More than a year after the final report of the National Inquiry into Missing and Murdered Indigenous Women and Girls (MMIWG) was released in June 2019, not one of its 231 Calls for Justice has been implemented.
According to Robyn Bourgeois, Associate Professor in the Centre for Women’s and Gender Studies and the driving force behind the Decolonial Reading Circle (DRC) at Brock University, this makes the DRC even more important.
“We need to make sure this report doesn’t sit on a shelf,” asserts Bourgeois, who first formed the DRC last fall to allow members of the Brock community to engage with the Inquiry’s final report. “The lives of Indigenous women and girls are worth more than this.”
To this end, the DRC will expand into two circles this year. One will address the final report of the Inquiry, as it did last year. A second circle, which will be hosted in conjunction with the Centre for Pedagogical Innovation, will examine decolonial readings by Indigenous writers.
Both circles will be held online starting in the fall due to the ongoing pandemic.
“I’m actually excited about moving to virtual circles,” says Bourgeois. “I’m hoping it may make the DRC more accessible to people, especially those in the community. It’s a way to bring us together and stay engaged while we remain safe.”
Bourgeois also says she hopes that instructors who are now busily putting together their courses for next year “might see the DRC as a meaningful activity for their students and encourage participation.”
Thanks to funding from the Dean’s Discretionary Fund in the Faculty of Social Sciences, the DRC has a budget for co-facilitators and other guest speakers to support and join the discussions this year. Holding events virtually may also allow visitors from a greater distance to participate.
Reflecting on last year’s DRC experience, Bourgeois says she is very grateful to everyone involved, especially Michelle Mudge of the Student Justice Centre, and that she was pleased with both the interest and the results.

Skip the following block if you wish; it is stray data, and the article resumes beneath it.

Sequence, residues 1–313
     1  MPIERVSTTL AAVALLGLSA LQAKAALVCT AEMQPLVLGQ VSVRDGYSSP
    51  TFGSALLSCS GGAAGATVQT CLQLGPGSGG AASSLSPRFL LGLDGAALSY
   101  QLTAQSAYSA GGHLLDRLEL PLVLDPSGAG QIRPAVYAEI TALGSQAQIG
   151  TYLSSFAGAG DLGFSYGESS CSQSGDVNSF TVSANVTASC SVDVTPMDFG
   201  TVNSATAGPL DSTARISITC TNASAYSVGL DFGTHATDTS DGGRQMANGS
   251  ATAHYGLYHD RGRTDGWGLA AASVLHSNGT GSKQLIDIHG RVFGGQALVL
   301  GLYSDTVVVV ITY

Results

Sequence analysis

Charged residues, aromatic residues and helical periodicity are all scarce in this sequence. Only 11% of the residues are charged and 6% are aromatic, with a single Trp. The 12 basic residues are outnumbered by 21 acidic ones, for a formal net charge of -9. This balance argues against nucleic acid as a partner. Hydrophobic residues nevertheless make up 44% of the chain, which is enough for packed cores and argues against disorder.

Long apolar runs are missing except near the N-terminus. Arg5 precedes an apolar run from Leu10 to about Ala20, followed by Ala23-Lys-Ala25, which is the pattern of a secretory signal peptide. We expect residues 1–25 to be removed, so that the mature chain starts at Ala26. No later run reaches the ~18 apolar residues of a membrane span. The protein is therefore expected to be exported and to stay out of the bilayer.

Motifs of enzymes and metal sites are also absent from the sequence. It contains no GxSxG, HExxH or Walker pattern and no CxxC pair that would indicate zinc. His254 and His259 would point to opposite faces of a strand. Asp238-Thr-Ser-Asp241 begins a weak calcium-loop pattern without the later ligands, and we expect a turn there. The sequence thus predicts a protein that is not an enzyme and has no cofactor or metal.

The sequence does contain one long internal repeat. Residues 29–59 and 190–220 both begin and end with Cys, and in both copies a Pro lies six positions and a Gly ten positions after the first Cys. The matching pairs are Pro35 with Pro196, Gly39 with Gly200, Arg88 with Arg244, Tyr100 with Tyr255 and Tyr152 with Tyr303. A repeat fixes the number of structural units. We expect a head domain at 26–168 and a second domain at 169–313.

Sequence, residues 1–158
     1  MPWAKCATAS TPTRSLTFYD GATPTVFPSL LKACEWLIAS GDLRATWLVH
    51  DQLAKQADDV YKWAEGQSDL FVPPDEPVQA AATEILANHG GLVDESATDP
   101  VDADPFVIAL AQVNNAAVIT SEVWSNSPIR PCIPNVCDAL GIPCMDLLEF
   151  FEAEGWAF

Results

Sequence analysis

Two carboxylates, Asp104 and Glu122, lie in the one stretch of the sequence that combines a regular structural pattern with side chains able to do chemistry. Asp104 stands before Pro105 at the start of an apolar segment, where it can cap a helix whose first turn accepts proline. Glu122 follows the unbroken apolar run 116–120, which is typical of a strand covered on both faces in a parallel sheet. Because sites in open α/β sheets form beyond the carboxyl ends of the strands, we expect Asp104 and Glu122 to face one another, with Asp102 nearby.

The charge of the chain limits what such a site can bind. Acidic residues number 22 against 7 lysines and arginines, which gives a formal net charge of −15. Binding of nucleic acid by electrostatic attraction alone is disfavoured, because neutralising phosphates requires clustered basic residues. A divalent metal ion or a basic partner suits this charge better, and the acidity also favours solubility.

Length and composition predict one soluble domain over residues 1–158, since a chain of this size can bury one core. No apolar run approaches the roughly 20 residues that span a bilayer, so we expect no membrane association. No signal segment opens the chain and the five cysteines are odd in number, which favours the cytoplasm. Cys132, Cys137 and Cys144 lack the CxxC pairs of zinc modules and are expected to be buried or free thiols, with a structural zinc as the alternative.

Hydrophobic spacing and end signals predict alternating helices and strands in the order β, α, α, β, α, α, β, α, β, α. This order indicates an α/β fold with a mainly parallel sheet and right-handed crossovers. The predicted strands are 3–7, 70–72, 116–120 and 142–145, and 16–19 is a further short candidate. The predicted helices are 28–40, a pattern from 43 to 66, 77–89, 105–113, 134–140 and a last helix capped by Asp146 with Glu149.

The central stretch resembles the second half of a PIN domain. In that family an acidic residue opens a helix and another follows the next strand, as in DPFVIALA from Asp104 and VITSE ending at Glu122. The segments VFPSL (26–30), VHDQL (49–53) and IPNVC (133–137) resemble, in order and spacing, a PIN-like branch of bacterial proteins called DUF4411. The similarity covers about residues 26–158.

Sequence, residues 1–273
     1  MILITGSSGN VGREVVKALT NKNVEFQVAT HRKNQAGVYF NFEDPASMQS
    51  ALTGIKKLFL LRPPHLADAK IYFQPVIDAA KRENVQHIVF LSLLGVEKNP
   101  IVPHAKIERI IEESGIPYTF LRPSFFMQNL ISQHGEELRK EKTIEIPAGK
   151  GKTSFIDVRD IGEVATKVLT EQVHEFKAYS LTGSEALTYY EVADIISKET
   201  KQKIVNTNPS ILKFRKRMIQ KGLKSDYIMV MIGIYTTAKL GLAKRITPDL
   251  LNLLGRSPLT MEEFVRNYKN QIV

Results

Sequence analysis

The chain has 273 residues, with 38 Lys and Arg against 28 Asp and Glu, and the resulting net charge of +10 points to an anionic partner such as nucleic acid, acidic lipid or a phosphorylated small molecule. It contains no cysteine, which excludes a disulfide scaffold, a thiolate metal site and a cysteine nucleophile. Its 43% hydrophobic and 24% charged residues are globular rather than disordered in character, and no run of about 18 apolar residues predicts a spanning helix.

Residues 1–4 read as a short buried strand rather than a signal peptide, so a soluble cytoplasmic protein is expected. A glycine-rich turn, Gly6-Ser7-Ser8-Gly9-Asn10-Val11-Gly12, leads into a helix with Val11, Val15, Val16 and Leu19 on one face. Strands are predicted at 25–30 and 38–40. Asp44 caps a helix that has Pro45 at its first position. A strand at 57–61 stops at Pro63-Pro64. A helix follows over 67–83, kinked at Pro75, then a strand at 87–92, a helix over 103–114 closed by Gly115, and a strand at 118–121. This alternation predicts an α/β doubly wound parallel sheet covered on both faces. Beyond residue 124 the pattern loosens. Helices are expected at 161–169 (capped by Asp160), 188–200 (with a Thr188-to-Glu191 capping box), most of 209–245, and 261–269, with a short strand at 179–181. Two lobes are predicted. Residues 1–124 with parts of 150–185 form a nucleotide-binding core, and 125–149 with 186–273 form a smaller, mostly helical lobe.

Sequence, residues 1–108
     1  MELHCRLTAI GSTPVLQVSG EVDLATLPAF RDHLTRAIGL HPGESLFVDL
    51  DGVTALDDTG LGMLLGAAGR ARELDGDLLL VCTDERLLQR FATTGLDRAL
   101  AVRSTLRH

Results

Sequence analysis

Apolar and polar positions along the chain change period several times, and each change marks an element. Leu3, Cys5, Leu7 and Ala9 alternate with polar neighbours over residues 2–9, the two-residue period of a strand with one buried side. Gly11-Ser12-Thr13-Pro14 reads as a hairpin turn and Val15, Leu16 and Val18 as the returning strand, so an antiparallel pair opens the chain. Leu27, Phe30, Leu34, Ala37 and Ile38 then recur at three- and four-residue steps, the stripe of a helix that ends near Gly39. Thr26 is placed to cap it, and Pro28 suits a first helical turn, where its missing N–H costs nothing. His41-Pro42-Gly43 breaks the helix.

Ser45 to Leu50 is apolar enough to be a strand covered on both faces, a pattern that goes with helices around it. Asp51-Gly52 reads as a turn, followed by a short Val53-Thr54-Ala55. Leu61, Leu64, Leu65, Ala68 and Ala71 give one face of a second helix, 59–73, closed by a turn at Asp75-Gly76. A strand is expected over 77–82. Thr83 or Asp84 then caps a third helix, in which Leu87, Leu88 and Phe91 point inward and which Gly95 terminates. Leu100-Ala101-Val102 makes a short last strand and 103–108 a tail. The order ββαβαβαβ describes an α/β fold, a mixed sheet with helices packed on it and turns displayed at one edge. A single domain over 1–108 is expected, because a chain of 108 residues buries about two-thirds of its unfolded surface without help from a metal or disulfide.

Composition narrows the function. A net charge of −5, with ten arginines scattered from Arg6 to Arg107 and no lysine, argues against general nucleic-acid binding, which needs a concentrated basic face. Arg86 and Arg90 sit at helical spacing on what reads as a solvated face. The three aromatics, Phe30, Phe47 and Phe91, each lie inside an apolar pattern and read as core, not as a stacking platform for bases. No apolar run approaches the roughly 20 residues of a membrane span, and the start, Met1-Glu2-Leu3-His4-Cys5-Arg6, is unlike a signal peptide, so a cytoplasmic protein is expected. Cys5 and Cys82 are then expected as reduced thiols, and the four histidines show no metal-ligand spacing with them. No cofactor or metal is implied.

“Despite ending abruptly due to the pandemic, last year’s DRC was an extraordinary experience,” says Bourgeois. “I honestly went into this doubting that people would be interested and yet, after the first info sessions, I had more than 90 people signed up to be involved.”
The meetings were planned to take place from September to April. When the provincial shutdown first prohibited large meetings, Bourgeois at first thought the suspension might be temporary.
“I originally sent out an optimistic email that we would just pause meeting and would pick up shortly, never imagining the scope and severity of this pandemic,” says Bourgeois. “So the pandemic actually circumvented what I feel was the most important of the DRC — a final session where we started working through the calls for justice and developing an action plan for Brock.”
Reaching this step will be a priority this year, as will discussions of how the decolonization of Canada relates to the anti-racist activism that has grown so urgent in 2020.
“I hope the DRC can become a space where we talk about the events of this spring and help people better understand why Indigenous and Black folks have had enough and are demanding meaningful change,” she says.
In the circle devoted to the Final Report of the MMIWG Inquiry, participants will begin their reading of the report anew, but Bourgeois encourages those who have already participated to consider joining again.
“The conversations will be slightly different this year as I welcome a new co-facilitator, Fallon Farinacci, who is Métis from Manitoba but currently lives in the Niagara region,” says Bourgeois. “She was a member of the Family Advisory Council that helped direct the National Inquiry into MMIWG, and after she attended the DRC last year and her contributions to discussion were so impactful, I just knew we needed to collaborate on facilitating the next cycle.”
The second circle is inspired by a course Bourgeois taught last year in the Master’s in Social Justice and Equity Studies program entitled “Indigenous Resurgence and Decolonizing Canada.” It is her hope that people participating in this circle will be able to identify texts by Indigenous authors that they would like to read and discuss.
Members of the Brock community, along with members of the broader Niagara community, are invited to join either or both DRCs, which will meet online between October and March.
“The DRC is a great way for folks to explore decolonization through an Indigenous lens and a safer/braver space where hard discussions can be had,” says Bourgeois. “It’s also a great way to connect with our folks committed to driving forward Brock’s strategic commitment to decolonization.”